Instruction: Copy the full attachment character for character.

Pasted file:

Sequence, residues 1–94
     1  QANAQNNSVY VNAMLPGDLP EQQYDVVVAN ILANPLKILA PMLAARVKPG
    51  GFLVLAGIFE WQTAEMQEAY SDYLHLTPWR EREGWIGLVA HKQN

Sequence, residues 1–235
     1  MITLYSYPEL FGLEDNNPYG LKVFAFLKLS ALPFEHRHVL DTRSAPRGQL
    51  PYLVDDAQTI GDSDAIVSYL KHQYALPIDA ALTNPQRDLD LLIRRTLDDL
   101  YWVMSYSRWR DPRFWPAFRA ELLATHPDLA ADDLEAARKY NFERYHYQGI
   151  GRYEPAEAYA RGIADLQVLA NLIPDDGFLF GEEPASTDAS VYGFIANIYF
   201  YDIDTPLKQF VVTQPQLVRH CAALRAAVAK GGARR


Sequence, residues 1–94
     1  QANAQNNSVY VNAMLPGDLP EQQYDVVVAN ILANPLKILA PMLAARVKPG
    51  GFLVLAGIFE WQTAEMQEAY SDYLHLTPWR EREGWIGLVA HKQN

Sequence, residues 1–235
     1  MITLYSYPEL FGLEDNNPYG LKVFAFLKLS ALPFEHRHVL DTRSAPRGQL
    51  PYLVDDAQTI GDSDAIVSYL KHQYALPIDA ALTNPQRDLD LLIRRTLDDL
   101  YWVMSYSRWR DPRFWPAFRA ELLATHPDLA ADDLEAARKY NFERYHYQGI
   151  GRYEPAEAYA RGIADLQVLA NLIPDDGFLF GEEPASTDAS VYGFIANIYF
   201  YDIDTPLKQF VVTQPQLVRH CAALRAAVAK GGARR